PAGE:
Please pray for healing for Richards Higgins who gives so much to
all of us who recevie his posts. May ALmighty God send His healing
Spirit to Richard and bring him to full health and stamina quickly.
Please continue to pray for a safe journey for Brother Jerome.
+Please pray that Divine Mercy will shine upon all those who have
taken their own lives.+
Please pray for all those whose prayer requests were not able to be
posted for whatever reason. God is outside of time and our prayers
are never, ever late. Lord, help us all as You know and will. God's
will is best. All is mercy and grace. God is never absent, praise
Him! Thanks so much. JL
Until the return of our good Brother Jerome please bless me with
your prayer requests at:
February 20, June 21, October 21
Chapter 17: How Many Psalms Are to Be Said at These Hours
We have already arranged the order of the psalmody for the Night
and Morning Offices;
let us now provide for the remaining Hours.
At Prime let three Psalms be said, separately and not under
one "Glory be to the Father."
The hymn of that Hour is to follow the verse "Incline unto my aid,
O God," before the Psalms begin. Upon completion of the three
Psalms let one lesson be recited,
then a verse, the "Lord, have mercy on us" and the concluding
The Offices of Terce, Sext and None are to be celebrated in the
same order, that is:
the "Incline unto my aid, O God," the hymn proper to each Hour,
three Psalms, lesson and verse, "Lord, have mercy on us" and
If the community is a large one, let the Psalms be sung with
antiphons; but if small,
let them be sung straight through.
Let the Psalms of the Vesper Office be limited to four, with
antiphons. After these Psalms the lesson is to be recited, then the
responsory, the Ambrosian hymn, the verse, the canticle from the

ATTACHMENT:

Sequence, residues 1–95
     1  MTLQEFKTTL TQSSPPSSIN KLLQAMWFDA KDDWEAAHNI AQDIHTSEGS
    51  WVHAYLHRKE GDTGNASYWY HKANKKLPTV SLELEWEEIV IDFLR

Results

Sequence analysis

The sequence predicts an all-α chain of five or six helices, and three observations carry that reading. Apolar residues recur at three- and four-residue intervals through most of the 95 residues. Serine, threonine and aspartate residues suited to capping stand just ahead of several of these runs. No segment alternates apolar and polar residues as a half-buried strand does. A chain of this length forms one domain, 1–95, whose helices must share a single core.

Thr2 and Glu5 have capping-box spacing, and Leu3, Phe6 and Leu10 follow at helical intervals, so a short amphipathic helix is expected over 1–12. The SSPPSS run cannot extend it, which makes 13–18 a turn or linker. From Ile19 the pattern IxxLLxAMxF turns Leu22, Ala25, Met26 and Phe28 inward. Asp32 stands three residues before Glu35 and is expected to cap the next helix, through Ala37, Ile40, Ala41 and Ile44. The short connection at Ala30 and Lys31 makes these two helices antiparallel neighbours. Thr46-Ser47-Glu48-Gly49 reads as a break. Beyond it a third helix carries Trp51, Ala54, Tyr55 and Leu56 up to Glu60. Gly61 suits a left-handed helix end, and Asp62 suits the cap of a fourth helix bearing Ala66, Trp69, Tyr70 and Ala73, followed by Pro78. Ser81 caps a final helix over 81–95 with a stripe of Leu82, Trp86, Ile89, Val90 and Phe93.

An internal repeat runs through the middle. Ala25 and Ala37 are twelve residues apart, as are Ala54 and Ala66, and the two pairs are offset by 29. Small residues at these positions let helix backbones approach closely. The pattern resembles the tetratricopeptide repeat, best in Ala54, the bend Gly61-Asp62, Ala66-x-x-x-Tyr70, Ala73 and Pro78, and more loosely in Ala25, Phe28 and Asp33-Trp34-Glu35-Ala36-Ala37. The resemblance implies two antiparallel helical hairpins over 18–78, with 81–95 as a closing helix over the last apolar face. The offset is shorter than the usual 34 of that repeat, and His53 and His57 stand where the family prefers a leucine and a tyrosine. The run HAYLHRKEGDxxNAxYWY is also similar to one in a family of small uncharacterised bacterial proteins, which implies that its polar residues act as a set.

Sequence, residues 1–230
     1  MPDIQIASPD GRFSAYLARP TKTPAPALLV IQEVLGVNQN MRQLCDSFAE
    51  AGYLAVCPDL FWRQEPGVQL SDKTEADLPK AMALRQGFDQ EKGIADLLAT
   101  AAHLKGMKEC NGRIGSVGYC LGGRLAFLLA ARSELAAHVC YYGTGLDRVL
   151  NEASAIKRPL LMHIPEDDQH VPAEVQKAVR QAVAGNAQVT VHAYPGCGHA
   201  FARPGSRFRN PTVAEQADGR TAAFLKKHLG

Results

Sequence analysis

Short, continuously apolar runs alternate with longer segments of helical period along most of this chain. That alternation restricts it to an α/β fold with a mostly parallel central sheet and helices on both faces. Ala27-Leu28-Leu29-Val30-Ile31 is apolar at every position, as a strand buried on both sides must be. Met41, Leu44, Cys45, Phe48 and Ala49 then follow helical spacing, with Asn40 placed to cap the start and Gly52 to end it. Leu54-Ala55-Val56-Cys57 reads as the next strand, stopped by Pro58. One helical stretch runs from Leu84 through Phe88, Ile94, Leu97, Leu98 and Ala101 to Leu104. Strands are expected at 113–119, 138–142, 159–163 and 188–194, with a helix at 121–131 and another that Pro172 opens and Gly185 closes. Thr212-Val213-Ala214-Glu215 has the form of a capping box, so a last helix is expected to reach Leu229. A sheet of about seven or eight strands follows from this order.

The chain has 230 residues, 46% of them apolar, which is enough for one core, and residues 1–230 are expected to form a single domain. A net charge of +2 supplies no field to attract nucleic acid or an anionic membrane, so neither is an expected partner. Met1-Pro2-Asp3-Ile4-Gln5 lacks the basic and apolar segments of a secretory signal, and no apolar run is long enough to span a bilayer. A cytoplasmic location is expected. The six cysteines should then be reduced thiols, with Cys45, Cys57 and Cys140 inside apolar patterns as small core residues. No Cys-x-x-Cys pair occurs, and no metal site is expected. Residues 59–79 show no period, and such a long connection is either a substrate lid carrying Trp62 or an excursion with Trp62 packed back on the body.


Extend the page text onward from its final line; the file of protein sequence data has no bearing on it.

Gospel book, the litany, the Lord's Prayer and the concluding
Let Compline be limited to the saying of three Psalms, which are to
be said straight through without antiphon, and after them the
hymn of that Hour, one lesson, a verse, the "Lord, have mercy on
us," the blessing and the concluding prayers.
A real short one here. People often ask me about the Benedictine
Office and want to include it in their prayer lives. This chapter
offers a great solution: the Benedictine Psalms of Compline.
They are the same ones every day. You can use them with whatever
format you have for Compline. Many houses, even today, still use
the Psalms mentioned here, and all of them did for most of our
history. The Psalms are 4, When I call...,90(91) He who dwells in
the shelter of the Most High..., and 133(134) O come, bless the
Lord..., the first number being the Septuagint numbering usually
found in older Catholic Bibles and the parenthetical numbering the
Hebrew one found in Protestant Bibles.
Used daily, these Psalms sink quickly into memory. Pretty soon
you'll be able to say Compline with no book. Now that is a great
joy! We sometimes say it in the car when a couple of us have picked
someone up at the airport in Boston. We can be together, singing
Compline in a pitch dark car on the road home. No books needed.
Warm and familiar. Enjoy!!
For any who would like a copy of the 1963 Monastic Diurnal, which
has all the day hours, but not Matins, it has been republished by
Farnborough Abbey, in Latin and English, side by side columns. More
or contact: Brother Bernard 1.505.388.9279 -- Our Lady of Guadalupe
Monastery, New Mexico, USA
Love and prayers,